Sunday, December 28, 2008
Andy Wolf on Mayoral Control of NYC Public Schools
For Whom Beller Tolls
By ANDREW WOLF
June 6, 2008
The issue of mayoral control of the schools is due to end at midnight on June 30, 2009. If the state legislature and governor fail to act, the current Department of Education will disappear and revert into the old Board of Education at 12:01 a.m. the following day.
This is unlikely to happen, but what is likely is that there will be changes in the law that will rein in some of the mayor's powers over the schools. In getting to an improved governing structure for the schools, there is likely to be much debate. Both an honest debate and some real reform would be a good thing.
Take the case of Ron Beller (picture at right). If you have heard of Mr. Beller, [see below - Ed] it is likely to be in the context of his career as an investment banker at Goldman Sachs. Mr. Beller left that post with a hefty payout, making him a multi-millionaire in his thirties. This apparently was all the expertise needed to convince the mayor and Chancellor Klein that Mr. Beller was the man to lead the reorganization of the public schools in the period after the mayor was granted control.
Mr. Beller's name only appears in a handful of articles on the New York schools, usually in passing. That is because he never was put on any public payroll, nor was he vetted before any government body. To this day, his role is cloaked in mystery. What is known is that he is regarded as the architect of the now abandoned initial restructuring under which the Department operated until just this school year. Sources familiar with the school system insist that Mr. Beller's power at the Tweed Courthouse was second only to that of Chancellor Klein himself.
But because his operation was privately funded, he was exempt from the usual scrutiny. Mr. Beller left, I'm told, disgusted that the chancellor was "too cozy" with the teacher's union, a complaint that may come as a surprise to Randi Weingarten.
Mr. Beller and his wife Jennifer Moses (pictured right) (also a former Goldman Sachs investment banker) decamped to London. Unfortunately, they have not been as successful at avoiding publicity across the pond as they were here.
Their personal assistant, Joyti De-Laurey, (at right, below) was convicted of embezzling more than $8 million from the accounts of Mr. Beller, Ms. Moses, and a third former Goldman employee, Scott Mead. Mr. and Mrs. Beller never noticed that the millions had been taken.
More ominously, earlier this year the hedge fund Mr. Beller operated, Peloton Partners, was dissolved by his bankers, resulting in the loss of some $17 billion to the investors. This is a lot of money, a larger amount even than the total annual budget of the Department of Education during the time Mr. Beller patrolled the hallways at Tweed. No criminality has been alleged, but the business acumen that made him the choice to lead the effort to fix Gotham's schools seems not to have weathered the test of time.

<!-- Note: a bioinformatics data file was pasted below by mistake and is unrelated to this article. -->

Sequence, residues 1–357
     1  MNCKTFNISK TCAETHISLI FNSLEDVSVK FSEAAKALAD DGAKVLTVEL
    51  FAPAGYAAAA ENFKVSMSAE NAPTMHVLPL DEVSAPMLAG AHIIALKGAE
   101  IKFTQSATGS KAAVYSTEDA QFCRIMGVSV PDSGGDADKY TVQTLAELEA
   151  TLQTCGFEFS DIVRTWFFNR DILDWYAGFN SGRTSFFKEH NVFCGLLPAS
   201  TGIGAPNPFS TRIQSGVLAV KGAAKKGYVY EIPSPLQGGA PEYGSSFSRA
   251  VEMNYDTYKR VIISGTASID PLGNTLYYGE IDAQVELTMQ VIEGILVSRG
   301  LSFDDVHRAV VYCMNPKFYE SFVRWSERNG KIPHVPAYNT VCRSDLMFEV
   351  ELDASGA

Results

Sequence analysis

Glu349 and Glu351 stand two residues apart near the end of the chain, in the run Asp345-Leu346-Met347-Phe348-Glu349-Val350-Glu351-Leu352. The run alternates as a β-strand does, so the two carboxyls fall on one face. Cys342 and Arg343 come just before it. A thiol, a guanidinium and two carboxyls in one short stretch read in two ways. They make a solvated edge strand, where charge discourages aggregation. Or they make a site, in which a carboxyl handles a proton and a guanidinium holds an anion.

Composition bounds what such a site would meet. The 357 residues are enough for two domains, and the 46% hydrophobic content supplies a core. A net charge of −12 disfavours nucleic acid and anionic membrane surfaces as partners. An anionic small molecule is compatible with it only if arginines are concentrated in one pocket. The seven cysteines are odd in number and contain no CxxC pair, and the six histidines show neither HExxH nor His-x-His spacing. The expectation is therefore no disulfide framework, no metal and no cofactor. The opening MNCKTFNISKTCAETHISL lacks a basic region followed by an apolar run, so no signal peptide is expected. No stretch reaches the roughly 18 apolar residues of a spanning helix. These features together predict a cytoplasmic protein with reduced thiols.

As a result of this financial disaster, Ms. Moses was forced to resign from her high-profile government post advising Prime Minister Brown. And what was Ms. Moses's assignment? Coming up with a plan to fix Britain's troubled school system.
Which brings us back to New York and the upcoming debate over the future of mayoral control. Two commissions, one appointed by the City Council and the other by the public advocate, Betsy Gotbaum, at the request of key legislative leaders in Albany, are studying the issue and will shortly issue recommendations. The Gotbaum commission is generating more interest, since Speaker Quinn clings to her dream of becoming mayor with the blessing of the incumbent and few expect the Council's panel to propose changes.
The public interest here is creating a system designed to minimize damage to our school system and our children even if the worst possible person somehow sneaks into the mayor's chair. That kind of protection comes from complete transparency and a system of checks and balances that allows for the mayor to do his job while protecting the public from abuse.
When the legislature gave control of the schools to the mayor, it assigned broad and unchecked powers. This was done envisioning Mr. Bloomberg at the helm, a reflection of trust in his ability and integrity. Despite this, abuses have occurred. Secretly empowering an arguably unqualified businessman to take such a key role in this public enterprise would seem to constitute such an abuse.
Some functions of the Department of Education have been assigned to private entities. Few disapprove of hiring outside companies that can do certain assignments more efficiently, but when government creates these entities to skirt the protections to the public built into government — things such as freedom of information, open competitive bidding, and requirements for public hearings — warning bells should ring.